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Inco has discovered how fine the line can be between predator and prey. Nine months after launching its agreed offer for rival Canadian nickel producer Falconbridge it has conceded defeat in the face of a more compelling cash offer from Anglo-Swiss group Xstrata. Now Inco is trying to keep a vestige of control over its own destiny by attempting to complete the sale of itself to Phelps Dodge.
It is still possible. But, with the Falconbridge deal out of the way and commodity prices still high, Inco could draw broader interest. Teck Cominco, another Canadian miner, has already tabled a rival offer for Inco. Other big global miners might also be tempted into the race. Inco offers buyers diversification through its strong nickel position and the chance of significant cost savings through working with Falconbridge’s new owners to operate a key Canadian site. Whoever emerges as the victor, the price is likely to be above Phelps’s current cash and shares offer of about C$82 a share.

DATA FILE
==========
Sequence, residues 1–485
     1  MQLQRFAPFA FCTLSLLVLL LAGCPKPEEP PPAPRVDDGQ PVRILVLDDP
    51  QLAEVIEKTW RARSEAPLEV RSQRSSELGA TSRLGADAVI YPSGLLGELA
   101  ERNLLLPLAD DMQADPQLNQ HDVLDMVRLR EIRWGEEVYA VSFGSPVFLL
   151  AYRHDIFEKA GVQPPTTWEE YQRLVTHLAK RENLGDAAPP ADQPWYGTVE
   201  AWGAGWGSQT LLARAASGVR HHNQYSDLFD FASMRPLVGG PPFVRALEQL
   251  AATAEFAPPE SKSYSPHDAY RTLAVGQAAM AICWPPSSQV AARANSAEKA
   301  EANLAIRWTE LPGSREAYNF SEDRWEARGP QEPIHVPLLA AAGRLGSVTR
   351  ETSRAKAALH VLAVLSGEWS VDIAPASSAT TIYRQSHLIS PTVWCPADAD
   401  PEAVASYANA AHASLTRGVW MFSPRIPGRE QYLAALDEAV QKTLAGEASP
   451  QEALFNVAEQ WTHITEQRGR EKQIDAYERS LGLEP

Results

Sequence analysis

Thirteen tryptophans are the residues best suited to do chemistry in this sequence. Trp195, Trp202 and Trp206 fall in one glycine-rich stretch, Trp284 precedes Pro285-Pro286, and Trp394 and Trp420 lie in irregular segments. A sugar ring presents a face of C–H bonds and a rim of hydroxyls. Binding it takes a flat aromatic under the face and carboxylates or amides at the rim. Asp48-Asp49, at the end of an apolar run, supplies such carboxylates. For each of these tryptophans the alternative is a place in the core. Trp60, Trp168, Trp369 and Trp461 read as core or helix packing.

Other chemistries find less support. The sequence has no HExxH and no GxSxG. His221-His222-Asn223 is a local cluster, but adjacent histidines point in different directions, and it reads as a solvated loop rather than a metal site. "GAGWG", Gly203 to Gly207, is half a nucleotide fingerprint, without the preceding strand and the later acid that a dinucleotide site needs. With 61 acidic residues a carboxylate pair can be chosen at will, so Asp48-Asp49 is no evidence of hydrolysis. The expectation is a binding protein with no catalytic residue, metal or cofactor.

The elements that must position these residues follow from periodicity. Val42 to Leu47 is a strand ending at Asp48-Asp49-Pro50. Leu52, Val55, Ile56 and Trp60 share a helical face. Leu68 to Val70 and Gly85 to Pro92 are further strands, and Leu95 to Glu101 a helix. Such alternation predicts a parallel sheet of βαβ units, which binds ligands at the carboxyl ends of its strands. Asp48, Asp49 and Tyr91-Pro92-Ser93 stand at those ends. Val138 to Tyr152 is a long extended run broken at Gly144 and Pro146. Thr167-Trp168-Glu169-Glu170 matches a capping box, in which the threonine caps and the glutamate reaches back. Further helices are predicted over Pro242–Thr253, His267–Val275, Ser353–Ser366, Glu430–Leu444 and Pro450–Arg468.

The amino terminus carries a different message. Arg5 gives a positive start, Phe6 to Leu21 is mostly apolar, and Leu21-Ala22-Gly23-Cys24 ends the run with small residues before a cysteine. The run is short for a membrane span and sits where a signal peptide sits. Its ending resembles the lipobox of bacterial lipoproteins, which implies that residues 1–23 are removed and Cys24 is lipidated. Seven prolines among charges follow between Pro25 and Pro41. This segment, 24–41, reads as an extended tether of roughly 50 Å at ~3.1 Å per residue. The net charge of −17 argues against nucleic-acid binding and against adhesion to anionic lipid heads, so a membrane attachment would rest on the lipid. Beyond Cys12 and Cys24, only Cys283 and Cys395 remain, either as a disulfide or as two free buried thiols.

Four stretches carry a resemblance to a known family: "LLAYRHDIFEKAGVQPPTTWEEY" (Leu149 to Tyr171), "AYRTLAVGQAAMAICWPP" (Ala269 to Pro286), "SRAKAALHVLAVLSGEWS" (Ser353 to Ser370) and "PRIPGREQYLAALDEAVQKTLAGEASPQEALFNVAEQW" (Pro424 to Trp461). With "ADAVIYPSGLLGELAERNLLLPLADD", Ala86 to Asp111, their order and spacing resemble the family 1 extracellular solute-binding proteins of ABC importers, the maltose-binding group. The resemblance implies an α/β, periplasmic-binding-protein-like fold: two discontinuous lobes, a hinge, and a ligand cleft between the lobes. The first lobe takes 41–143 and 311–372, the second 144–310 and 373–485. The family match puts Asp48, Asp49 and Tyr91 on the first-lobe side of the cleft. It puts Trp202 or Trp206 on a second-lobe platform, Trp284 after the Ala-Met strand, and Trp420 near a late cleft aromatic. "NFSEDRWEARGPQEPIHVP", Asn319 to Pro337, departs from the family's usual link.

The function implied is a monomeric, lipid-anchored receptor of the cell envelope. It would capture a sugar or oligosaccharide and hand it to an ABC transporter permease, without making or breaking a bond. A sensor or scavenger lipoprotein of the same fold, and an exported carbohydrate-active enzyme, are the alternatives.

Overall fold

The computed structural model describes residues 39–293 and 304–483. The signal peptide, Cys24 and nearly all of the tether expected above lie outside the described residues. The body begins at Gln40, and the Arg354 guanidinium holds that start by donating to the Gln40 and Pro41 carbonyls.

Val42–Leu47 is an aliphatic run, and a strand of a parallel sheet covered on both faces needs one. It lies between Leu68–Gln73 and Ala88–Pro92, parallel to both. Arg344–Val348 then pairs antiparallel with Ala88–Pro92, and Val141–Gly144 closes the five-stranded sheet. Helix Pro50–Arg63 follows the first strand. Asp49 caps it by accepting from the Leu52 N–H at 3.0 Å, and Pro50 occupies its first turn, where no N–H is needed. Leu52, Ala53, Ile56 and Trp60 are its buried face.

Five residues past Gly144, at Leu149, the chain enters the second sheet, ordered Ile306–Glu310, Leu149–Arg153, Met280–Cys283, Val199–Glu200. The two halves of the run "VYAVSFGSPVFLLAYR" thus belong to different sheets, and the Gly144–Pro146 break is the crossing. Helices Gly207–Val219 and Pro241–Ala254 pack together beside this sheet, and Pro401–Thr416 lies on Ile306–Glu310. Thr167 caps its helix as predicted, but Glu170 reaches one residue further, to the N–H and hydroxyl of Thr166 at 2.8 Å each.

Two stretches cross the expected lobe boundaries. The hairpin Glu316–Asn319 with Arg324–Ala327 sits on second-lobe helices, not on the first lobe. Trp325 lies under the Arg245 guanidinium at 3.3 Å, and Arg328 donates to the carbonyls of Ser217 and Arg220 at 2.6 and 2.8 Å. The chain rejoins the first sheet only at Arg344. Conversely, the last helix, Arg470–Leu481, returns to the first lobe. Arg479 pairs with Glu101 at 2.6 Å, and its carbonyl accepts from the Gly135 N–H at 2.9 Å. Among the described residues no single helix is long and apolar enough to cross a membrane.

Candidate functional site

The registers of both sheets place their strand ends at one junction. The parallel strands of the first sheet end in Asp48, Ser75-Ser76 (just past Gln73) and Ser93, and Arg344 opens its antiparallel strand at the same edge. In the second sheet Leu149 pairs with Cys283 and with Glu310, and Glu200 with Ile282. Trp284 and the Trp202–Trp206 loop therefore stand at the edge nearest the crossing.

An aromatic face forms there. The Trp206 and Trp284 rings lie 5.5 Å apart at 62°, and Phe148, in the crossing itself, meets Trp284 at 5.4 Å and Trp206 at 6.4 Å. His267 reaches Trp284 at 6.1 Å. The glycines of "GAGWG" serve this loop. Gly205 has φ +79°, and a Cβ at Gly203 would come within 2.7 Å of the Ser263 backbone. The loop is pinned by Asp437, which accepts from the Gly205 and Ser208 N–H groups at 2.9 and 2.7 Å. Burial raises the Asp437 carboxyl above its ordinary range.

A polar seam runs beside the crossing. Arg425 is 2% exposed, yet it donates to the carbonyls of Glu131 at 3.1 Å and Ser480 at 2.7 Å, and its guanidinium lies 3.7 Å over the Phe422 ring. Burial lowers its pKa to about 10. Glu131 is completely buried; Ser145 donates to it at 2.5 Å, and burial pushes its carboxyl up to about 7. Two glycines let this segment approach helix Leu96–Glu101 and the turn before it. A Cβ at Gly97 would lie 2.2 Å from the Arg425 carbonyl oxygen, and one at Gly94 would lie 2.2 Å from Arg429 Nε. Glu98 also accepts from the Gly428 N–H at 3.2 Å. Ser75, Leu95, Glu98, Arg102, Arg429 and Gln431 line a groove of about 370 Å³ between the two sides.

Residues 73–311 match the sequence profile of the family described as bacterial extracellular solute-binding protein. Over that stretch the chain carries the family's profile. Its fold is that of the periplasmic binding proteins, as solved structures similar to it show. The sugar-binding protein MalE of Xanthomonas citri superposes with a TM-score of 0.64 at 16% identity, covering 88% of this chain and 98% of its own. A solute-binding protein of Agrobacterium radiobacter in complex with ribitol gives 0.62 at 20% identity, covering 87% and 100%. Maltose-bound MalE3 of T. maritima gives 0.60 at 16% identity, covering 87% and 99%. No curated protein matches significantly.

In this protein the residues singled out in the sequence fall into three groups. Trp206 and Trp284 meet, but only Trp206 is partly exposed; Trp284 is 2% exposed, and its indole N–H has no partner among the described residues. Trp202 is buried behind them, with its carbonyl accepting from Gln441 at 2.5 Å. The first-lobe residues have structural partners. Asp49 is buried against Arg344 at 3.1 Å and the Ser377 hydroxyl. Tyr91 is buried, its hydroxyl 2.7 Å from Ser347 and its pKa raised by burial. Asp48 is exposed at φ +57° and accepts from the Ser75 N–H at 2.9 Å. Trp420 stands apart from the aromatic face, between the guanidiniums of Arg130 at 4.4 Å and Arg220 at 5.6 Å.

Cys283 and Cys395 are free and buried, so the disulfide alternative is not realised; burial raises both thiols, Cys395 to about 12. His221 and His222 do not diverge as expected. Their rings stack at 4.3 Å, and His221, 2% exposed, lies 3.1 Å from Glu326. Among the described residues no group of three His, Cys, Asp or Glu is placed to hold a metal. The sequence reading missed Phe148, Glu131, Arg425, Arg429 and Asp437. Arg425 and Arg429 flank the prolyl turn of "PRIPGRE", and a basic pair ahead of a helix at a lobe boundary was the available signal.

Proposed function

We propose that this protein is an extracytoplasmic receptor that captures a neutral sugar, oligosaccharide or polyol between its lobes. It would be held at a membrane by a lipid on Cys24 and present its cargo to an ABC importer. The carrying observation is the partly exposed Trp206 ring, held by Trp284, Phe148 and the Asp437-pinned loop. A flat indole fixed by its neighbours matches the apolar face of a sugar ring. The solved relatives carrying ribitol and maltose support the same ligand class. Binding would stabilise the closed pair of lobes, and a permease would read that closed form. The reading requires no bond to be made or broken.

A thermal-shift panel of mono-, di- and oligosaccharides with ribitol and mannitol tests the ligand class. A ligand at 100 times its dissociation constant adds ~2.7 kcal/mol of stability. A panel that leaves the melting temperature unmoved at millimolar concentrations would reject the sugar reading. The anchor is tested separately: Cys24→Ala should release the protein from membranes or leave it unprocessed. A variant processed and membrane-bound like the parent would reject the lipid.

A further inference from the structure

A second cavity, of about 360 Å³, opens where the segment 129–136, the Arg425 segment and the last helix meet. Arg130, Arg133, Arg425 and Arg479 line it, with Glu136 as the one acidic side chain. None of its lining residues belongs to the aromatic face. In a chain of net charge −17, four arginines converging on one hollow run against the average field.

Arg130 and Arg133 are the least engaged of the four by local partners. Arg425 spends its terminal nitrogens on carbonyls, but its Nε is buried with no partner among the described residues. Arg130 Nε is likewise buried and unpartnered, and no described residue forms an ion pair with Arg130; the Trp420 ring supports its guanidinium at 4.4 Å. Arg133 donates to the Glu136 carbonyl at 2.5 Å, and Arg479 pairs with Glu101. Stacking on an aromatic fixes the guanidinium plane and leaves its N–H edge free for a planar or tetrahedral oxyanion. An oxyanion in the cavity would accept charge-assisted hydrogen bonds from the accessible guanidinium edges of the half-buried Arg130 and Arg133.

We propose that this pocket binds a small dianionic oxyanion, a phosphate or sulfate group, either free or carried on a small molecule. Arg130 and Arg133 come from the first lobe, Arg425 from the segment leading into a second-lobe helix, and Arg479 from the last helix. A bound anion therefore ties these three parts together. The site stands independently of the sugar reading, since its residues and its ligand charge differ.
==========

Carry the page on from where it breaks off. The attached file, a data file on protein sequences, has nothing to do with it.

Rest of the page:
That leaves Phelps in a delicate position. Its master plan of bagging both Inco and Falconbridge in a three-way combination has been scuppered. It must now be wary of being too aggressive on Plan B – acquiring just Inco. If it raises the price too high, Phelps could yet turn into an acquisition target itself.